There is not a single misleading or confusing piece of content on that site that would lead people to believe that the project was being operated by one of China’s most powerful conglomerate — well, besides the name which is already being used by hundreds if not thousands of companies, and perhaps the color orange. In fact, there’s more content that suggest the opposite, from picture of the massive Burj Khalifa building, a CEO greeting from someone who is definitely not of Chinese descent, to men clearly wearing keffiyehs in what seems to be a investor or developers meeting of some sort.
When we learned that the CEO of ABBC Foundation, Jason Philip’s dog was named Ali Baba, we really began to question the insensitive manner in which the media handled this whole ordeal — I wanted to condemn every media publication that unfairly represented ABBC without taking time to even take into consideration the cultural differences. You know who you are. If the roles were switched and a Chinese company tried to monopolize a very commonly used word in the United States, they would not last a week in court.
Another baffling media mis-representation was apparent when all the media outlets were declaring “huge win” and “massive, embarassing loss for the ABBC Foundation.” Except this narrative does not add up at all. After the preliminary injunction for ABBC Foundation to stop using the name Alibabacoin was thrown out, it was crystal clear that ABBC Foundation was winning in court. Paul Oetken of the Southern District of New York, the presiding judge over this case denied Alibaba’s motion on jurisdictional grounds, saying that it failed to show that the use of the Alibabacoin name would hurt its business prospects in New York. To add insult to the injury, Judge Oetken went as far as to say that “it [doesn’t] matter that Alibabacoin might eventually be listed on a New York exchange.”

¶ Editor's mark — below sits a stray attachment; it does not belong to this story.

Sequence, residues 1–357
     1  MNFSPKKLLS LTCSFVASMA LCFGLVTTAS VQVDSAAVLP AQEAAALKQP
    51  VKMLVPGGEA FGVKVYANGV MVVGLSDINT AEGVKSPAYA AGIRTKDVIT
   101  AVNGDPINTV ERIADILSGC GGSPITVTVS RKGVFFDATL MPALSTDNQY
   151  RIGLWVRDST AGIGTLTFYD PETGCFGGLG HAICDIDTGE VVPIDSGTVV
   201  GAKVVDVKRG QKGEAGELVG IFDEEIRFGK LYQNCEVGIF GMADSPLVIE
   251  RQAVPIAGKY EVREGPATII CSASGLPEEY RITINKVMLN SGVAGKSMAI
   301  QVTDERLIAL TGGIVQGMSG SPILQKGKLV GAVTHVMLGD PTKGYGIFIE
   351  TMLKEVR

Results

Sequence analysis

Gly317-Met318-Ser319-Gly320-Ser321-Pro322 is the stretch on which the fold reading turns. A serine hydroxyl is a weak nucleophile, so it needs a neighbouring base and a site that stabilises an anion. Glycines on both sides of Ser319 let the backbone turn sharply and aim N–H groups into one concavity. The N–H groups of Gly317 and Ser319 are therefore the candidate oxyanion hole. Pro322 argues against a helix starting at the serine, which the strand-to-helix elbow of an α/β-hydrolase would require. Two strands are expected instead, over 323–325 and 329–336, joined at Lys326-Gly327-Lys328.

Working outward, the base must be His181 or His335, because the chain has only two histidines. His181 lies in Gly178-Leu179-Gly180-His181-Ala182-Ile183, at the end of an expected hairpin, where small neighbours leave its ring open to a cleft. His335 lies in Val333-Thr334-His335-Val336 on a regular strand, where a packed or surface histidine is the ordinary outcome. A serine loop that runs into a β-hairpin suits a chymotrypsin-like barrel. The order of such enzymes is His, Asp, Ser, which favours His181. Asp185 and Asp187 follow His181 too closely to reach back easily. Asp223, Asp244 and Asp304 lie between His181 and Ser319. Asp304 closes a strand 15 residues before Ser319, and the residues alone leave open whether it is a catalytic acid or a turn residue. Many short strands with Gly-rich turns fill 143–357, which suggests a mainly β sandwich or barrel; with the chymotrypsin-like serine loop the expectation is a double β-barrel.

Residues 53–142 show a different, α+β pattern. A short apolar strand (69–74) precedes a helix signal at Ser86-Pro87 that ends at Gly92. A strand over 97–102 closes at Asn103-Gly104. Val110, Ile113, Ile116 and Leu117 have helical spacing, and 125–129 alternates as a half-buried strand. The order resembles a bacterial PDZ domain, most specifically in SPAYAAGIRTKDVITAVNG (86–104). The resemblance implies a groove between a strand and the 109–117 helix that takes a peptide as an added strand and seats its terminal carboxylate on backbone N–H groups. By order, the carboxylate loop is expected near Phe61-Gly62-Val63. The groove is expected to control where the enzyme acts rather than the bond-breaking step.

Later that year both parties, the Alibaba Holdings Group, and the ABBC Foundation agreed to settle out of court, instead of proceeding before a United States Magistrate Judge. LDA reached out to law firm that specializes in corporate cases in the Southern District of New York, and the gentleman–who requested anonymity–was not appalled at the outcome of the case, but was more appalled at how misrepresented the case was in the media.
“A winning party with everything seemingly going towards their favor does not suddenly drop everything and call a year-long battle quits. There is a very high likelihood that there was some kind of special deal in the settlement for ABBC Foundation to even consider stopping its fight. From my years of experience in working similar cases, it appears that the media has it all wrong– ABBC Foundation did not lose the battle, rather Alibaba Group 1) was certain they were going to lose and decided to settle; 2) the group is interested in a trade secret or technology that ABBC Foundation is holding; or 3) they are monitoring the foundation closely to see how well the team executes and may be considering an acquisition or partnership, as it would fit their recent entry into the blockchain industry.. Of course, this is my interpretation of my limited knowledge of this case, what really happened behind closed doors is anyone’s guess. But from a logical standpoint, there’s more to this settlement than meets the eye–otherwise, the settlement papers would likely have been public already.”
ABBC Foundation is actually one of the most well-funded projects that we have engaged with. With offices in Dubai, Pakistan, Belarus, and soon, the United States, the entire team working on ABBC Coin easily surpasses 70 members when the marketing and business development team is also taken into account. As mentioned before, our chief advisor has flown many times to Dubai already to keep tabs on ABBC’s development and progress in both software and business. Despite some issues going on with the MC Wallet, which should be fixed within the few weeks, the shopping platform is looking great and fluid, and the new staking system should be very incentivizing for ABBC holders.